—-The pastor frequently used the imagery of “behind the curtain.” Small groups, church, and daily devotions help us to get a glimpse of what is behind the curtain, but only in the new heavens and new earth will we see fully. The pastor referred to divorce: if a person is trying to get happiness this side of the curtain, he or she may see divorce as an option, but he or she is not looking behind the curtain. That is a tough one, for me, since there are people who leave bad marriages and find better marriages. I would not wish for them to have remained in their bad marriages for the rest of their natural lives.

—-The pastor (whom I will call “J” to avoid confusion) told a story about when he was 18 and came to that church. The pastor at the time said to J, “God told me he does not want you on the leadership team.” J was shocked! At his previous church, J’s parents were active, and J made sure that everyone knew who he was, if they did not know already. At the new church, nobody knew J. J is grateful for that experience. He went to another church and found a way to learn and serve. But his experience at the church where he was rejected gave him the background for when he would pastor that very church years later.

—-Someone at the church, a worship leader, gave her testimony. She talked about how she was sexually assaulted in Nigeria three times, then was assaulted when she came to the United States. She struggled to forgive those who assaulted her, but her reflection on Christ’s forgiveness of those who crucified him and Stephen’s forgiveness of those stoning him brought her to a place where she could forgive, even love, those who assaulted her. Such a concept can be easily abused, and has been in churches, which tell people to forgive their abuser and not to press charges. At the same time, respecting the humanity and hoping for the repentance of all people is, in my opinion, a key element of Christianity.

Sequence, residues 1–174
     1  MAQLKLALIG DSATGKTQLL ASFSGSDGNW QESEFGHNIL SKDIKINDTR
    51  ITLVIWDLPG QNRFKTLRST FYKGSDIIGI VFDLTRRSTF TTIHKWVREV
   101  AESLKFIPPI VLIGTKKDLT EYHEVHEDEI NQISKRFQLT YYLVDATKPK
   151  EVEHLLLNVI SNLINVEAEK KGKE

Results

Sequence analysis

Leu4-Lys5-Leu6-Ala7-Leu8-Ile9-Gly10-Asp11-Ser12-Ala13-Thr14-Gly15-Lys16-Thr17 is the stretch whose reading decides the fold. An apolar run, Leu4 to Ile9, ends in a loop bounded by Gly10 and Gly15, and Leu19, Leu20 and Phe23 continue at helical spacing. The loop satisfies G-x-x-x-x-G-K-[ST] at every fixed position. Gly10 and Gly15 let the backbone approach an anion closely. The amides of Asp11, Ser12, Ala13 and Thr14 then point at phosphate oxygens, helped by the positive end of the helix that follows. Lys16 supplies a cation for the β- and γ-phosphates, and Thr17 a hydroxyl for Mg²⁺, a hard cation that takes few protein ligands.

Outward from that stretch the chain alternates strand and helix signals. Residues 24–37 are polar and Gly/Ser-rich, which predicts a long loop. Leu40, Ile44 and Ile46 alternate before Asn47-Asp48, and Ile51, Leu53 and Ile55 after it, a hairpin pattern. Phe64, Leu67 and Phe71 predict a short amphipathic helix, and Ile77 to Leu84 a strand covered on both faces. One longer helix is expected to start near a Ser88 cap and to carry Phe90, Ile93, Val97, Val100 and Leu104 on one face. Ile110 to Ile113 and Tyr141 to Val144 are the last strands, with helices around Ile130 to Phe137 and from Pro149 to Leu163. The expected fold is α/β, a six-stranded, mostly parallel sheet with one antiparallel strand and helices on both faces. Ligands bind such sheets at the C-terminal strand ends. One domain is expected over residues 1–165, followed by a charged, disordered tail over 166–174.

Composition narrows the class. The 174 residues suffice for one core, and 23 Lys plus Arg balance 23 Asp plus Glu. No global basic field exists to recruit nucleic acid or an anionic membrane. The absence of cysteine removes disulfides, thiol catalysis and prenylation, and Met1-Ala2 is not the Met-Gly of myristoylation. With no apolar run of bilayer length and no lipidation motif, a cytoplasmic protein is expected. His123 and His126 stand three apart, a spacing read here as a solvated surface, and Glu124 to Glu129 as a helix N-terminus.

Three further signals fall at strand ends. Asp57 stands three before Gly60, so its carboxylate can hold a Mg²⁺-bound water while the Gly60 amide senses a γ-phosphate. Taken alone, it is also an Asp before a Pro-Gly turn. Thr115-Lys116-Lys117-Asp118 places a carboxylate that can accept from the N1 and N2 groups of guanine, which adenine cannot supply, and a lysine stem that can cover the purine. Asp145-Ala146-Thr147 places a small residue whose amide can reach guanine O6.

—-The pastor’s daughter talked about the woman with the blood problem who touched Jesus’ cloak and was healed. She pressed forward to touch Jesus, regardless of what the “church” people at the time thought. This was refreshing, in light of the communitarian emphasis that I heard at times, that Sunday morning. Whatever church people may think, we can all personally reach out to Jesus.

About jamesbradfordpate

My name is James Pate. This blog is about my journey. I read books. I watch movies and TV shows. I go to church. I try to find meaning. And, when I can’t do that, I just talk about stuff that I find interesting. I have degrees in fields of religious studies. I have an M.Phil. in the History of Biblical Interpretation from Hebrew Union College in Cincinnati, Ohio. I also have an M.A. in Hebrew Bible from Jewish Theological Seminary, an M.Div. from Harvard Divinity School, and a B.A. from DePauw University.
This entry was posted in Church, Uncategorized. Bookmark the permalink.